1. Use a gas detector to check for harmful gases. Do not enter if unsafe and ensure proper ventilation.
2. Test oxygen levels; it should be at least 19.5% for safe entry. If low, ventilate the well.
3. Inspect the well’s structure for stability. Do not enter if it seems unstable.
4. Wear appropriate safety gear, including a harness, hard hat, gloves, and safety boots.
5. Ensure proper training, have someone monitor from above, and be ready with a lifeline for communication and rescue.
6. Have a clear emergency plan, including communication methods and contact numbers, in case of an accident.
7. Use proper, explosion-proof lighting for clear vision and safe work.
8. Verify necessary permits and compliance with local safety standards before entering.

44. Ammonia cannot be collected in a gas jar by the downward displacement of water and air.
Ammonia is lighter than air and doesn’t dissolve well in water. So, using the downward displacement method with water won’t effectively collect ammonia in a gas jar.

45. A moist red litmus paper is used to test ammonia gas.
A moist red litmus paper is utilized to test ammonia gas. When exposed to ammonia, the red litmus paper turns blue. This color change confirms the presence of ammonia, making it a handy tool for detecting the gas.

46. Lime tower (CaO) is used for preparation of ammonia.
A lime tower, using calcium oxide (CaO), is employed in the preparation of ammonia. The CaO in the lime tower helps remove impurities and moisture from the air, creating favorable conditions for the ammonia synthesis process. It ensures a clean and dry environment, essential for efficient ammonia production.

47. Carbon dioxide is used in a fire extinguisher.
Carbon dioxide is like a helper in a fire extinguisher. When there’s a fire, it pushes away the air around the fire. Since fire needs air to stay alive, when we use carbon dioxide, it takes away the air and the fire goes out. It’s a helpful way to stop fires from spreading.

48. H2SO4 is not used in the preparation of CO₂.
Sulfuric acid (H2SO4) is not used in making carbon dioxide (CO2). Instead, carbon dioxide is typically produced from sources like burning fossil fuels or through chemical reactions that involve substances containing carbon, such as limestone (calcium carbonate). Sulfuric acid isn’t a part of this process.

49. The mouth of hard glass test tube is slanted down during laboratory preparation of ammonia gas.
The top of a hard glass test tube is tilted downward when preparing ammonia gas in a laboratory. This slanted position helps in directing the gas flow and preventing any moisture or impurities from entering the apparatus. It allows for better collection and more accurate experimentation during the ammonia gas preparation process.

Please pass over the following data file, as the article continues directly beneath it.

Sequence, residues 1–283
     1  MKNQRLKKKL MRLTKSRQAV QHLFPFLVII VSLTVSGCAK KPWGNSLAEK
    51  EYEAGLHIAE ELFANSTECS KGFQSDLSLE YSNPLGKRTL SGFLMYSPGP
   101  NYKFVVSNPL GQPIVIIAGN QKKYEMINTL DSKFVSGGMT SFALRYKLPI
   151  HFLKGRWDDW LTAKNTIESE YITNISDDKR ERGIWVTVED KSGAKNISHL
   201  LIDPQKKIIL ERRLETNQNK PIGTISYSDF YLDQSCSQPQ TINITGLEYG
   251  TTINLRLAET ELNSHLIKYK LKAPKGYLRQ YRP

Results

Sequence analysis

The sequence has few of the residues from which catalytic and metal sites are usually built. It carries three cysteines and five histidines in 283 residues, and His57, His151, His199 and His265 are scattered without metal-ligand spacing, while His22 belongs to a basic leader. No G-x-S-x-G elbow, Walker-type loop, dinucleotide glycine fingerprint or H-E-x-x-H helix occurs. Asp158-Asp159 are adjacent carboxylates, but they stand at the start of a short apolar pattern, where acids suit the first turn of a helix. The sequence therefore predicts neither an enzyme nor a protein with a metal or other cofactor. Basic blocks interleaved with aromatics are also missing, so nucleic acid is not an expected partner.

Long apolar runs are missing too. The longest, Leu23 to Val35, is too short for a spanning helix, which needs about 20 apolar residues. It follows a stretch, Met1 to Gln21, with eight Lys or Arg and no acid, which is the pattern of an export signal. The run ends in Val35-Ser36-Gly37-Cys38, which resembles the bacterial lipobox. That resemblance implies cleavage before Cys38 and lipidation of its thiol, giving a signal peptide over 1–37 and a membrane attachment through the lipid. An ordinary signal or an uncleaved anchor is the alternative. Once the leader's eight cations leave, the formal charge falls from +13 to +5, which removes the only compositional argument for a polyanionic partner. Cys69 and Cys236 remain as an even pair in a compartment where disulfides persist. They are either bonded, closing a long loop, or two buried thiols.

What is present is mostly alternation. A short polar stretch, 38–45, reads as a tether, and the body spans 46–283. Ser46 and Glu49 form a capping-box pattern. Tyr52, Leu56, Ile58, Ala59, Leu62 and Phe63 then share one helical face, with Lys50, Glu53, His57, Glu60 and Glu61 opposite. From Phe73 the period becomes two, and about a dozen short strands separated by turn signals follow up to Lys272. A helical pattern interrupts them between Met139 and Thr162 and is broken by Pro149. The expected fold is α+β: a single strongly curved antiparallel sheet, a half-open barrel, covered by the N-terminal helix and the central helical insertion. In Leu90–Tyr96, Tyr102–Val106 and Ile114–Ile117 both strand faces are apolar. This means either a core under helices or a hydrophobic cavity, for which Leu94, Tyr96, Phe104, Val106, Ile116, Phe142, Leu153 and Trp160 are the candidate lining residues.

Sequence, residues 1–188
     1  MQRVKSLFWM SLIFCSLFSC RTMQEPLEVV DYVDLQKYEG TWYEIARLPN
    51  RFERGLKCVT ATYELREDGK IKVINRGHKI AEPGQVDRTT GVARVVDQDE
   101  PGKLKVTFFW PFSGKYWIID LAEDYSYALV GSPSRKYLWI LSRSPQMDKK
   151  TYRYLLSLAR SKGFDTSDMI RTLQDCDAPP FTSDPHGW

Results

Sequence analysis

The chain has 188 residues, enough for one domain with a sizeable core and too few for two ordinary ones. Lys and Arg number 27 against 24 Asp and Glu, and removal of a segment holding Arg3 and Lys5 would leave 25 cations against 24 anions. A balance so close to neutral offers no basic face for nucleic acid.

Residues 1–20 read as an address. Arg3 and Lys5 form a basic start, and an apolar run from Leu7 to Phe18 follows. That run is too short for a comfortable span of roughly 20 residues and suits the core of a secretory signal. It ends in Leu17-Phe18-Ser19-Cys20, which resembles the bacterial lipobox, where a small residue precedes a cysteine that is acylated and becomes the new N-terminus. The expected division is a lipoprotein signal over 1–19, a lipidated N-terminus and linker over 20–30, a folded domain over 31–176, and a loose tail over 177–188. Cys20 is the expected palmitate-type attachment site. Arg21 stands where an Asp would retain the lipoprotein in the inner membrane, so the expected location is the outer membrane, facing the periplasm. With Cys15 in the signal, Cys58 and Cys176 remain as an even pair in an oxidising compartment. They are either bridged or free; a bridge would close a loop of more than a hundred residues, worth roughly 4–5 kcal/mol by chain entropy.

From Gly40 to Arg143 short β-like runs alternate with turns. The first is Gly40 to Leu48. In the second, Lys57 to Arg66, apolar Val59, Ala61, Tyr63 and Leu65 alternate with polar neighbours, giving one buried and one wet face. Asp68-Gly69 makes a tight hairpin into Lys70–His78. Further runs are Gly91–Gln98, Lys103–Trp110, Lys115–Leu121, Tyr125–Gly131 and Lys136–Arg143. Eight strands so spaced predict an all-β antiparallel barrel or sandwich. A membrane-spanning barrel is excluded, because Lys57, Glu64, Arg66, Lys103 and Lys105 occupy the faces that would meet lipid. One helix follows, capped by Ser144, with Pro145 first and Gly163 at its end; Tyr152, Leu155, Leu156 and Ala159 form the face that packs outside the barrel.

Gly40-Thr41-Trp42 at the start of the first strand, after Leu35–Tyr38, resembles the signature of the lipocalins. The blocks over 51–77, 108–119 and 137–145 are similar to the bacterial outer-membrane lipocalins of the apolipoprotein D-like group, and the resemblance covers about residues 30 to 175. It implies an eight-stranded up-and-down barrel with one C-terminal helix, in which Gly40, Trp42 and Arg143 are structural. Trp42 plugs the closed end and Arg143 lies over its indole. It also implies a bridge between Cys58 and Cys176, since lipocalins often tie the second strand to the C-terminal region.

50. Carbon dioxide does not support burning but Mg burns in it.
Carbon dioxide doesn’t help things burn, but magnesium can still burn in it. When something burns, it usually needs oxygen, which is not available in carbon dioxide. However, magnesium is quite special; it has its own oxygen inside, so it can burn and create a bright light even in carbon dioxide.

51. It may be dangerous to clean a well.
Cleaning a well can be risky. There might be hidden dangers like harmful gases, unstable walls, or poisonous substances in the water. It’s important to take safety precautions and maybe even get help from experts to make sure it’s cleaned safely.

52. A moist blue litmus paper is used to test carbon dioxide gas.
A wet blue litmus paper is used to check for carbon dioxide gas. When carbon dioxide is present, the blue litmus paper turns red. This color change helps us confirm if carbon dioxide is around, making it a useful way to detect the gas.

53. Global warming is a global environmental issue.
Global warming is a big problem that affects the entire world. It happens when the Earth’s temperature goes up because gases like carbon dioxide trap heat from the sun in the atmosphere. This warming causes various issues like extreme weather, melting ice, and problems for plants and animals. I

54. Fossil fuels are the main sources of greenhouse gases.
Fossil fuels, like coal, oil, and gas, are the main sources of greenhouse gases because when we burn them for energy, they release gases like carbon dioxide, methane, and nitrous oxide. These gases act like a blanket, trapping heat in the atmosphere and causing global warming.

56. Carbon dioxide gas is collected in an open gas jar.
Carbon dioxide, being heavier than air, naturally sinks into an open gas jar when it’s produced. We can then cover the jar to collect and use the carbon dioxide.